Now, you can read this song (and, in parts, the 2002 album of the same name it comes from) in a number of ways, from an anime-inspired futuristic tale of a young woman fighting to save the world from robots in revolt, to a more thoughtful, allegorical meditation on the importance of individuality and creativity in the face of pressure to conform and be subservient in the corporate rat-race.

For the purposes of this chart, I’m going for the former!

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4. The Eighth Day – Hazel O’Connor

Talking of revolting robots, here we have the plot of The Terminator neatly summed up in a song – four years before James Cameron’s movie was released! Okay, so the idea of a war with sentient machines was a sci-fi staple long before 1980, but still. The song qualifies for my chart because although it was written for a film – 1980’s Breaking Glass – it’s not a sci-fi film and so the song is not self-referencing (Hazel O’Connor plays a pop star struggling to cope with sudden fame and The Eighth Day is simply one of her character’s songs).

Adding to the geekiness of the song, note the costume that O’Connor wears while performing the song in the film. Tron wasn’t released for another two years.

3. History Of Everything – Barenaked Ladies

Yes, I’m bending my own rules ever so slightly here, since this song was written to be the theme song for every geek’s favourite sitcom, The Big Bang Theory. However, it does not reference the show or characters and is a great standalone song that crams the creation and 14billion-year history of the universe so far into one minute 45 seconds PLUS its future and ultimate destruction. It also has a great video, about which I have written before.

2. Hanging Out With Halo Jones – Transvision Vamp

Transvision Vamp singer Wendy James had a great voice and there were some great songs on the band’s first two albums. Most interesting from a geek perspective was the song Hanging Out With Halo Jones, from their 1988 debut album Pop Art.

The Ballad of Halo Jones was a much-loved story that appeared fairly early on in the life of 2000AD and is still regarded as one of the comic’s finest strips. Unusually for the macho, testosterone-fuelled 2000AD, in an attempt to make the comic more female-friendly, the main character was an ordinary teenage girl (albeit from the 50th-century Earth) and the storyline was a lot more thoughtful and philosophical than most of the other strips of the day.

It was written by Alan Moore before he hit the big time working for the big American comics publishers and I think it surpasses much of his later, better-known work, including Watchmen. The strip was beautifully illustrated by Ian Gibson, one of my all-time favourite 2000AD artists.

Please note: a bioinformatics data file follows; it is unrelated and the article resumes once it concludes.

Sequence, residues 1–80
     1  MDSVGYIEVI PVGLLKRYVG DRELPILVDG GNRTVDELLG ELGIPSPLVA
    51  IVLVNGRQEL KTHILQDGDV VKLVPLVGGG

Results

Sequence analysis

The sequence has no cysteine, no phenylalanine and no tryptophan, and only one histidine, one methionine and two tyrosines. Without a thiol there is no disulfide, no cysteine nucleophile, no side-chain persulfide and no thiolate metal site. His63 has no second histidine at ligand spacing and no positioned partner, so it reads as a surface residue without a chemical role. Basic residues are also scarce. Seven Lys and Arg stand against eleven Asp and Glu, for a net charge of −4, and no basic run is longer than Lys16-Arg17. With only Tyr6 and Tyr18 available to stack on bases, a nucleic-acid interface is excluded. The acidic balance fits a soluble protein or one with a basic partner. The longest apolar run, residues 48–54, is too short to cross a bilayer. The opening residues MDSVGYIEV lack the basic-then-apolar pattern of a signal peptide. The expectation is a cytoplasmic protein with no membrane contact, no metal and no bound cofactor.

Sadly plans for a nine-volume storyline, following Halo Jones all through her life from youth until old age, fell apart when Moore fell out with the then publishers of 2000AD over creators’ rights and the series stalled after three volumes were published. It’s well worth getting hold of the reprinted collected editions if you’ve never read the story.

Transvision Vamp were clearly fans and this song was great homage to the character:

Since there is no video or live performance for the song I can find, here are a couple of bonuses. They all come from the late, lamented (by me, if nobody else!) Night Network, circa 1988. ITV’s first attempt at through-the-night programming, it aired on Friday and Saturday nights and was aimed squarely at a young audience staggering home from the pub.

The first two videos feature the cast of a Halo Jones stage play performing a couple of scenes plus an interview with 2000AD founding father Pat Mills and acclaimed artist Kevin O’Neill (Nemesis The Warlock, Marshall Law, The League Of Extraordinary Gentlemen).

And here are writer Peter Milligan and artist Brett Ewins talking primarily about their 2000AD strip Bad Company.

1. DC Comics and Chocolate Milk Shake – Art Brut

I’ve featured this song on the blog before. Art Brut‘s frontman is the very geeky Eddie Argos, comics reviewer and the world’s biggest Booster Gold fan. The song is about embracing your inner geek and refusing (or being unable) to grow up and leave childish, geeky things behind just ‘cos that’s what’s expected of you. Amen, brother!

And as a special post-festive bonus, here are three more geeky songs that don’t really fit the rock/pop requirement but deserve to be included as companion pieces to the main list.

i. The Galaxy Song – Monty Python

Some excellent astronomy-based geekiness courtesy of Eric Idle. this is probably my favourite song from Monty Python’s 1984 film The Meaning Of Life, although Every Sperm Is Sacred certainly does have its charms…

ii. Elements – Tom Lehrer

The periodic table, in song, from the great Tom Lehrer. Quite the feat of memory, never mind extreme geekiness.

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iii. Star Trekkin’ – The Firm